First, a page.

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A Dicey Paradox

Four fair dice are marked differently on their six faces. Choose first ANY one of them. I can always choose another that will give me a better chance of winning. Investigate.

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Nines and Tens

Explain why it is that when you throw two dice you are more likely to get a score of 9 than of 10. What about the case of 3 dice? Is a score of 9 more likely then a score of 10 with 3 dice?

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How Many Dice?

A standard die has the numbers 1, 2 and 3 are opposite 6, 5 and 4 respectively so that opposite faces add to 7? If you make standard dice by writing 1, 2, 3, 4, 5, 6 on blank cubes you will find there are 2 and only 2 different standard dice. Can you prove this ?

Troublesome Dice

Age 11 to 14 Challenge Level:

The numbers on the dice talked about in this problem are arranged in the traditional manner where the sum of the numbers on opposite faces is always seven.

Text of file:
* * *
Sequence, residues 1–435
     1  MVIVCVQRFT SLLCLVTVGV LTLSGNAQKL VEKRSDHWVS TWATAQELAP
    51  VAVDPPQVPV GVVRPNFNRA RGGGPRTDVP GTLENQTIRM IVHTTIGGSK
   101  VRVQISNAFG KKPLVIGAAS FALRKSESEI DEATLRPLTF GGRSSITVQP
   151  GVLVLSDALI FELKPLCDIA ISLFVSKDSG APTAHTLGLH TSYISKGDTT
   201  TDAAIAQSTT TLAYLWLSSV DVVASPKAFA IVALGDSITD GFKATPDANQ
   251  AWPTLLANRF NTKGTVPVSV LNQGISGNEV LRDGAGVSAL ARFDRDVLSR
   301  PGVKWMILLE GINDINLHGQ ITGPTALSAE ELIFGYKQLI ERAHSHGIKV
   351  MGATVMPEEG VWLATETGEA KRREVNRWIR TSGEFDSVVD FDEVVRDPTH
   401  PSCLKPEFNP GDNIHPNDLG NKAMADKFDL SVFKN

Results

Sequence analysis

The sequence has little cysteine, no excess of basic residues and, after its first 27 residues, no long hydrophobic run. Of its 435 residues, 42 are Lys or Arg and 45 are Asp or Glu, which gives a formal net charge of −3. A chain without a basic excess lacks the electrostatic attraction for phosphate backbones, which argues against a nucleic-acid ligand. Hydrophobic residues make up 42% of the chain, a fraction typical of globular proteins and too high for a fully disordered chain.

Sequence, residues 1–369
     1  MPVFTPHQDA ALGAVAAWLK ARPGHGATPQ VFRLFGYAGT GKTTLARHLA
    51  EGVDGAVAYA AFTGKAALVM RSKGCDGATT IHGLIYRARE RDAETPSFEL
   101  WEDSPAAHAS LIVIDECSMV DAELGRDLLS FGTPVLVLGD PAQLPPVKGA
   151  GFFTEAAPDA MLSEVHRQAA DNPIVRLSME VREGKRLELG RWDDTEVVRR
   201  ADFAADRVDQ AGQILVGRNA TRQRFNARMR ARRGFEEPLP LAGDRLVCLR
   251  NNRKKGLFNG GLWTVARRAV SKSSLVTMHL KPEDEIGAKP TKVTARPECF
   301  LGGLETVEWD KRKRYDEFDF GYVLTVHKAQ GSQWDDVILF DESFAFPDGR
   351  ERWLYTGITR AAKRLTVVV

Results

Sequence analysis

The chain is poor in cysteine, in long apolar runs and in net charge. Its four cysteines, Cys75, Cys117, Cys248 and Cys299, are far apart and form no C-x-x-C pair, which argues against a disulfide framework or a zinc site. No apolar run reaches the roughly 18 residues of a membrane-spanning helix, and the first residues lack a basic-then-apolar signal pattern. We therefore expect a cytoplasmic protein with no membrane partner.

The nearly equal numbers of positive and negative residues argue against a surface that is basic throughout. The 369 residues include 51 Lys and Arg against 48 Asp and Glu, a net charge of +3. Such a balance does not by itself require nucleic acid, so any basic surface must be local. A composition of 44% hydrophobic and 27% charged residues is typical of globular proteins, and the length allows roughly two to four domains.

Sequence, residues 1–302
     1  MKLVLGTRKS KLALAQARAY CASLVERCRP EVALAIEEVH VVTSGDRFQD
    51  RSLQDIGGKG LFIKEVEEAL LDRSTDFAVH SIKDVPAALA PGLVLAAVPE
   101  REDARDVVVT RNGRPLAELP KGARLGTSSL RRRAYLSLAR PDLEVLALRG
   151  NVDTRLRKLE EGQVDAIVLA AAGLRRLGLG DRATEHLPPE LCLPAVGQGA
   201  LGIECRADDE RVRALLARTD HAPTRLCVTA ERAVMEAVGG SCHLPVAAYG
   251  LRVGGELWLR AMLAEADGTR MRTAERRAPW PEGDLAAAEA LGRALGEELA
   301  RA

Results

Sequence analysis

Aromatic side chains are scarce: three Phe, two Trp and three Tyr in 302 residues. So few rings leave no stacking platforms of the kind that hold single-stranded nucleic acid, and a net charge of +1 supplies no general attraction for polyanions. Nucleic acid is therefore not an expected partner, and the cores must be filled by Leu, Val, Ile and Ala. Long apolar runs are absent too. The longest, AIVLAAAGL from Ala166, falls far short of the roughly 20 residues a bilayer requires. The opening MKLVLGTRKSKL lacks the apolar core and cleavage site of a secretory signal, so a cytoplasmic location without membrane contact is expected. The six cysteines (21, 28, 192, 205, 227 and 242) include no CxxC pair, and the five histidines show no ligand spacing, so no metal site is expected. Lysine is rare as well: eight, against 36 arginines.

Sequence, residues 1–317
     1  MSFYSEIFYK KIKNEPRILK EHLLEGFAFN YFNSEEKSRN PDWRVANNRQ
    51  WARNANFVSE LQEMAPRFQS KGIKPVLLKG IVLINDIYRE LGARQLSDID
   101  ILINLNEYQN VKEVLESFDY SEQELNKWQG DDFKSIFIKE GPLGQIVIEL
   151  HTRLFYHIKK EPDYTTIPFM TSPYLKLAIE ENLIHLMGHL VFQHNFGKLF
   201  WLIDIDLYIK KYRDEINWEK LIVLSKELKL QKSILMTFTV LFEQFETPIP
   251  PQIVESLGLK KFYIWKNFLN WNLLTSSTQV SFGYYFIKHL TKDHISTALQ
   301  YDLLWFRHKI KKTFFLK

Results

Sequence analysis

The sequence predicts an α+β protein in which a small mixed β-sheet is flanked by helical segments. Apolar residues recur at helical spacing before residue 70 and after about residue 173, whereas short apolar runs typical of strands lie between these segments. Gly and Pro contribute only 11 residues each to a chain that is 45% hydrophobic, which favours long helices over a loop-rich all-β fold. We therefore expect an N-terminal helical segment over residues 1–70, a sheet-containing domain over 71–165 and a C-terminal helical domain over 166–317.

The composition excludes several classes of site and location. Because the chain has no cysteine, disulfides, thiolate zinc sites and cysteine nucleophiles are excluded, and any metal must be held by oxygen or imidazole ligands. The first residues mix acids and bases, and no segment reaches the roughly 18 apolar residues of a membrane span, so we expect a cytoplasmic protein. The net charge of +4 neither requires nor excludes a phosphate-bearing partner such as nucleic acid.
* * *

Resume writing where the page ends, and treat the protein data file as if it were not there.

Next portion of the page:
Jenny and her family often roll a die to decide who gets to eat the last slice of pie.
There are three people in the family so it's easy to ensure it's fair: each person is allocated two of the six numbers.

However, when they roll it, the die always seems to land "edge-up" on a napkin, and they have to roll again.

One day, Jenny suggests that instead of rolling again, they simply add the two faces that meet at the top edge.   
 edge-up die
Edge-up score: $6 + 2 = 8$
What different scores could Jenny and her family get?

Before they throw, everyone chooses some of the scores so that if one of their numbers comes up, they get the last slice of pie.
Can the scores be allocated fairly?
What if there are more, or fewer, people at dinner?
The die might also land corner-up like this:
corner-up die
Corner-up score: $6 + 5 + 3 = 14$
How could the scores be allocated fairly this time?
This problem is based on an idea shared by Paul Stephenson.